George and Ira Gershwin wrote “I Got Rhythm” for the 1930 Broadway musical “Girl Crazy”, where it was introduced by Ethel Merman in her Broadway debut. While Ginger Rogers made her debut here as a leading lady, Ethel Merman got the press. The Red Nichols Band, including Benny Goodman, Glenn Miller, Jack Teagarden, Jimmy Dorsey, and Gene Krupa, played the music and had jam sessions during intermissions. George Gershwin acted as conductor for the premier, with Earl Busby conducting for all following performances. “Girl Crazy” ran for 272 performances, from October 14, 1930, to June 6, 1931. Red Nichols and His Five Pennies’ recording went to number five on the charts. “I Got Rhythm” was George Gershwin’s favorite of all the songs he created for Broadway musicals; his last concert work “The ‘I Got Rhythm’ Variations” was written for a 1934 concert tour with the Leo Reisman Orchestra, conducted by Charles Previn, to celebrate the tenth anniversary of “Rhapsody in Blue”.
George Gershwin (Sep 26, 1898 – Jul 11, 1937) left school at age fifteen to work as a song plugger and writer; his first major success was “Swanee” in 1919, with lyrics by Irving Caesar. Al Jolson decided to sing it in one of his shows after hearing Gershwin play it at a party. His composed his first major classical work, “Rhapsody in Blue”, in 1924. In that year he also joined his older brother Ira to write the musical comedy “Lady Be Good”, which introduced the songs “Fascinating Rhythm” and “Oh, Lady Be Good”. He wrote “An American in Paris” during that stay. George and Ira then went on to write “Show Girl”, “Girl Crazy”, “Of Thee I Sing” and “Porgy and Bess”. In 1936 George moved to Hollywood, where RKO Pictures commissioned “Shall We Dance”, which would star Fred Astaire and Ginger Rogers. On July 9, 1937, he collapsed and was rushed to Cedars of Lebanon Hospital where he fell into a coma. Doctors there removed a large brain tumor, but Gershwin died that morning, devastating friends, relatives and fans across the country.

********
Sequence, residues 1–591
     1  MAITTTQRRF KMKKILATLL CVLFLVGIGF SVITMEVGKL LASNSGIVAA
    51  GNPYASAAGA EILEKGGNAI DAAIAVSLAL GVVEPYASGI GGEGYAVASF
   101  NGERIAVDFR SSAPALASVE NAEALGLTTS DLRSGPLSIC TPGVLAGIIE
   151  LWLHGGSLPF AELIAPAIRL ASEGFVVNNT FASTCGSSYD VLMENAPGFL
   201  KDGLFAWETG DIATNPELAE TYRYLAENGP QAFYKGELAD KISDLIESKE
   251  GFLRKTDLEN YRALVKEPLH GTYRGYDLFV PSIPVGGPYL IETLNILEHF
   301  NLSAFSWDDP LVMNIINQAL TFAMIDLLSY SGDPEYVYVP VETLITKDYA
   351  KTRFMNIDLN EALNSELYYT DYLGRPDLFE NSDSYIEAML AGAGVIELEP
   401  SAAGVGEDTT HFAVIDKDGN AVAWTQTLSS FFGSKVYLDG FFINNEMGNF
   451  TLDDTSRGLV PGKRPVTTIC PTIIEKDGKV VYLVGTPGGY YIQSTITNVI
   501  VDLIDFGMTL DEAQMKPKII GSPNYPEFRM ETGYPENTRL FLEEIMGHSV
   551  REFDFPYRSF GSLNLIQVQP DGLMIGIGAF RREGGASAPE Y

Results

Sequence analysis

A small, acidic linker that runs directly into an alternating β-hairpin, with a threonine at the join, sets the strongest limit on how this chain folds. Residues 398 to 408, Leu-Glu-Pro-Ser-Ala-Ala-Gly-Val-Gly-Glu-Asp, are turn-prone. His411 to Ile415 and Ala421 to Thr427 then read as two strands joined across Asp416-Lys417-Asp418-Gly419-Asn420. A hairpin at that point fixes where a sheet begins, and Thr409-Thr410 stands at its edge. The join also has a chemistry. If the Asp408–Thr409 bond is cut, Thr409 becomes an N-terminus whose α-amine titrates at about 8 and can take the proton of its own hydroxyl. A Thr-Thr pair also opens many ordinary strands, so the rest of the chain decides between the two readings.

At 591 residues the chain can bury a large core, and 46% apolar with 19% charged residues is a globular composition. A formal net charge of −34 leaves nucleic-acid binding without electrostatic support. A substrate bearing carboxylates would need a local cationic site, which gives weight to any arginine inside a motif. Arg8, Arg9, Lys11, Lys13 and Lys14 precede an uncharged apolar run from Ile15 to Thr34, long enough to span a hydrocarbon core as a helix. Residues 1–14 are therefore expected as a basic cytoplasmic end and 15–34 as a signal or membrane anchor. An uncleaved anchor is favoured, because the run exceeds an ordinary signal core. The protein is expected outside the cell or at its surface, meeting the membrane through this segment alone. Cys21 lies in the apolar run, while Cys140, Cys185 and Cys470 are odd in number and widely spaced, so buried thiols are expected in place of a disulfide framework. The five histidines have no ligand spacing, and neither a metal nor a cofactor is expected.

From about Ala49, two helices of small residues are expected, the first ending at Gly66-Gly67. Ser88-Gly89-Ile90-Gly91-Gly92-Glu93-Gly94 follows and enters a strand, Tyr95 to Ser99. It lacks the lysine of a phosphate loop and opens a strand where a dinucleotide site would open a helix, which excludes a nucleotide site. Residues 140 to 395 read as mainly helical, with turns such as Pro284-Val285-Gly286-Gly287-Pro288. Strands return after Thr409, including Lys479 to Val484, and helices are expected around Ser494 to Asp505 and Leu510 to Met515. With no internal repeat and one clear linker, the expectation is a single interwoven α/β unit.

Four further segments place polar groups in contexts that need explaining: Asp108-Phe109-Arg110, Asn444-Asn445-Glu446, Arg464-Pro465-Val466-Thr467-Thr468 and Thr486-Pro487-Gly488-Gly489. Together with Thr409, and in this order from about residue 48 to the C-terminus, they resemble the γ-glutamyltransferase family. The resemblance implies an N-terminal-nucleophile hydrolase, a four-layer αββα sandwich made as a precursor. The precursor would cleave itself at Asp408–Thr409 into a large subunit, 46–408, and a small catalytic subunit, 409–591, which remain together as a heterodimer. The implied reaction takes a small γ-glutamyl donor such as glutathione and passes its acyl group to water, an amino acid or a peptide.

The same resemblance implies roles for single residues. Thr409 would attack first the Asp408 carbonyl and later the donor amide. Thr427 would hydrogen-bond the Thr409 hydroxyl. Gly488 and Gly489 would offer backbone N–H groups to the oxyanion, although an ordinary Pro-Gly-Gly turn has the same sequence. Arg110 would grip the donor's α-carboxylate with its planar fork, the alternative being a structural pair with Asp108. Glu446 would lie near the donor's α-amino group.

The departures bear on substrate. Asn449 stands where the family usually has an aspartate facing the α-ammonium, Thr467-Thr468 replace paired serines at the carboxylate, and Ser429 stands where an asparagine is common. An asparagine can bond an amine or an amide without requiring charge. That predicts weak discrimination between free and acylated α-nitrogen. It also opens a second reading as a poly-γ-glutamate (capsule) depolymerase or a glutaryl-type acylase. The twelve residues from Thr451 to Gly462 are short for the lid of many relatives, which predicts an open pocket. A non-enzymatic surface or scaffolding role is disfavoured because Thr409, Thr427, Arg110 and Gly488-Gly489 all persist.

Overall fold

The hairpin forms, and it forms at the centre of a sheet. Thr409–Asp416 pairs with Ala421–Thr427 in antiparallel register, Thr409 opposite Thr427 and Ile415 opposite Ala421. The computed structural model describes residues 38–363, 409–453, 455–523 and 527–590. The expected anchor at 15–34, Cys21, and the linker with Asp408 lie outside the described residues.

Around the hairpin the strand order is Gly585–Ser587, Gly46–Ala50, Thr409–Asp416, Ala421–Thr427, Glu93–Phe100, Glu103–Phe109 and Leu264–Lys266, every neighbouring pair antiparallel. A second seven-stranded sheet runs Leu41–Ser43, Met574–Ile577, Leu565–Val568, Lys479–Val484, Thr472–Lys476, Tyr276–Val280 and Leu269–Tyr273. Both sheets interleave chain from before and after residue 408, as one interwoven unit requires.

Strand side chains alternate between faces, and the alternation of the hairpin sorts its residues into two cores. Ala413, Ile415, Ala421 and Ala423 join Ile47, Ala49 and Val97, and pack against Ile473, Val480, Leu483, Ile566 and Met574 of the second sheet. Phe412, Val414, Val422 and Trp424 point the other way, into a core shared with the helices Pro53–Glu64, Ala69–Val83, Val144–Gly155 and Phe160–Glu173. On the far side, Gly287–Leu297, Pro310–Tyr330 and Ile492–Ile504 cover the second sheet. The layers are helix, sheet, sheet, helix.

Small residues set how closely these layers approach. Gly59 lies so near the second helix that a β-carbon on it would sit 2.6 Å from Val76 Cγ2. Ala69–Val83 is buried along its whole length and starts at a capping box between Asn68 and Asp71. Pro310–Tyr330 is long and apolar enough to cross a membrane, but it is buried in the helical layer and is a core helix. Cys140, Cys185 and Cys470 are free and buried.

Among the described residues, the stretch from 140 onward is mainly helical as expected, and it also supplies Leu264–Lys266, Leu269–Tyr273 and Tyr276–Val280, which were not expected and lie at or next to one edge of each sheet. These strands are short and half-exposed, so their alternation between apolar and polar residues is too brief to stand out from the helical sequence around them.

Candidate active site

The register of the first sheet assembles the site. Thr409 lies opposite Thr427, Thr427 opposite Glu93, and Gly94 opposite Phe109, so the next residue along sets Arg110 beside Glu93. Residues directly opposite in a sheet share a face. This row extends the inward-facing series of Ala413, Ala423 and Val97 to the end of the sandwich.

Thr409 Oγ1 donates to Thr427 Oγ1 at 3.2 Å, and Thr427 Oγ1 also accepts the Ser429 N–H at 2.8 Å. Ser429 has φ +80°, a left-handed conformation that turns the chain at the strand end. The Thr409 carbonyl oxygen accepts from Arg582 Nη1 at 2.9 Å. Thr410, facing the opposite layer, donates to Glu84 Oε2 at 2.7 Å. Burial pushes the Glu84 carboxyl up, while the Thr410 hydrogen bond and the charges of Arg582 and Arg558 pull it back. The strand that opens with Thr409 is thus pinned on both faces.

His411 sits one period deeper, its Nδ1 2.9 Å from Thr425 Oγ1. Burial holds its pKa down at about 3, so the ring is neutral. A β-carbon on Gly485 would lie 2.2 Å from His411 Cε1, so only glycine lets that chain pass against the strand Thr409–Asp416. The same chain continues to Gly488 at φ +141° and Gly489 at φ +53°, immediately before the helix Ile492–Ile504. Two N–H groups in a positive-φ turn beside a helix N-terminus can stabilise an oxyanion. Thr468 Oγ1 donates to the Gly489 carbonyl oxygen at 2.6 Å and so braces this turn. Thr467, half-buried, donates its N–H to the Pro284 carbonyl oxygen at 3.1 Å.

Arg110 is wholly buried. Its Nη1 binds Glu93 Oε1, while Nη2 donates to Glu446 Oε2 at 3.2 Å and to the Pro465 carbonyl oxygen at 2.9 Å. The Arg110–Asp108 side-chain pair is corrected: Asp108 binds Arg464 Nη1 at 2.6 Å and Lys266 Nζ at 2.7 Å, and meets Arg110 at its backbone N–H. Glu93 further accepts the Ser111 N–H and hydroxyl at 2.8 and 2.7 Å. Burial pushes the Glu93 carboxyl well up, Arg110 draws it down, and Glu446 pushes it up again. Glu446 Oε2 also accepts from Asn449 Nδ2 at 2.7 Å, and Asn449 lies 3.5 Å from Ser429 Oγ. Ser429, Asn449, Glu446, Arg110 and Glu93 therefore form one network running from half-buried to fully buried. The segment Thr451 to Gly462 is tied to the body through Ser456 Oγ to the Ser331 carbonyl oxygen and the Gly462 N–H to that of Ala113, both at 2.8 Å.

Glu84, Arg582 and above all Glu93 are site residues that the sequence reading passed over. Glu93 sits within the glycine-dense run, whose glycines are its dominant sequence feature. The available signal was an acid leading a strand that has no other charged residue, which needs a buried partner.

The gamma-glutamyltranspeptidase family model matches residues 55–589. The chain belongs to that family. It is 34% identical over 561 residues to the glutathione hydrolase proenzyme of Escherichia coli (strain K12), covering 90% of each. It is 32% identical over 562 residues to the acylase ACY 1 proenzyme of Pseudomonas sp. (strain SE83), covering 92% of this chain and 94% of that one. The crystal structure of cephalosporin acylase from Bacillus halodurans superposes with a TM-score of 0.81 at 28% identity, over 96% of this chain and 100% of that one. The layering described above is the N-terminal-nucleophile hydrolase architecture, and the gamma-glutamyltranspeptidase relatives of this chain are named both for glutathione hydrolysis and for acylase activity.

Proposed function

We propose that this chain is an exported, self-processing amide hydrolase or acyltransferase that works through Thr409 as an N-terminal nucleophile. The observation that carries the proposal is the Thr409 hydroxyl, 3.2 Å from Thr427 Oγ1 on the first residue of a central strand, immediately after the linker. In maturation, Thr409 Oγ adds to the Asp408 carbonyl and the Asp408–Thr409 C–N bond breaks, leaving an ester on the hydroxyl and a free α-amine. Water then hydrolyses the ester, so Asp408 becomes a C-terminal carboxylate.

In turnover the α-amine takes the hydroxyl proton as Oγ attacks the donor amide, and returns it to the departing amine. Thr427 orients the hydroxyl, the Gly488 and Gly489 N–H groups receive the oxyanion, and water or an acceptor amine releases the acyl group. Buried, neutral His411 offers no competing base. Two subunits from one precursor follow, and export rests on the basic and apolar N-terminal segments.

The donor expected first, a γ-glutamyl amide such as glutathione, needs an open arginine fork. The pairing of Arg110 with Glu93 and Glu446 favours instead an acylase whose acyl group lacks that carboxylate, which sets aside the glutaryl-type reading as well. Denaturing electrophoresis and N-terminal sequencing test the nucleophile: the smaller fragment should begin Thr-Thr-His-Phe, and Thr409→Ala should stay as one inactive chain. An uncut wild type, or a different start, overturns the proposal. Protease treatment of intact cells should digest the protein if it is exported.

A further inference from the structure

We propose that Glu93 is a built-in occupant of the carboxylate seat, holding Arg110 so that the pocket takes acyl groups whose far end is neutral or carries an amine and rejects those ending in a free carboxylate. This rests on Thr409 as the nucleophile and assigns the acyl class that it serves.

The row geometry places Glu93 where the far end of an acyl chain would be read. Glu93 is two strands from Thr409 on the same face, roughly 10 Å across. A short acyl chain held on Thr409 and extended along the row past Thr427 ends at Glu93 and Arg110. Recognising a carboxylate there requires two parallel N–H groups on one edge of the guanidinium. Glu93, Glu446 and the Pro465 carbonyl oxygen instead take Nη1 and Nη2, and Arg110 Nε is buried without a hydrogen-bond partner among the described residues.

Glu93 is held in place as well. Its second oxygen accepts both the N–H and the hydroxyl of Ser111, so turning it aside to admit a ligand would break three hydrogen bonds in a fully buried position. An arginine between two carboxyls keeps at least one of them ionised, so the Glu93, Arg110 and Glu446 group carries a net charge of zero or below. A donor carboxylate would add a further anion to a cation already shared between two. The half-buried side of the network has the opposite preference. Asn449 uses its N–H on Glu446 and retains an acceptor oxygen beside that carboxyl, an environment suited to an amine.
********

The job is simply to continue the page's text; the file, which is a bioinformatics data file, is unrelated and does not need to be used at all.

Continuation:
Ira Gershwin (Dec 6, 1896 – Aug 17, 1983) attended high school in New York City, where one of his closest friends was fellow student E. Y. “Yip” Harburg. George and Ira’s 1931 musical “Of Thee I Sing” won the first Pulitzer Prize ever given to a musical. George and Ira’s opera “Porgy and Bess” is considered by many to be the best American opera written to date. Ira never recovered from the sudden death of his brother and is said to have never again believed in God. Ira did continue to write, collaborating with composers Kurt Weill, Jerome Kern and Harold Arlen. Ira was inducted into the Songwriters Hall of Fame in 1971.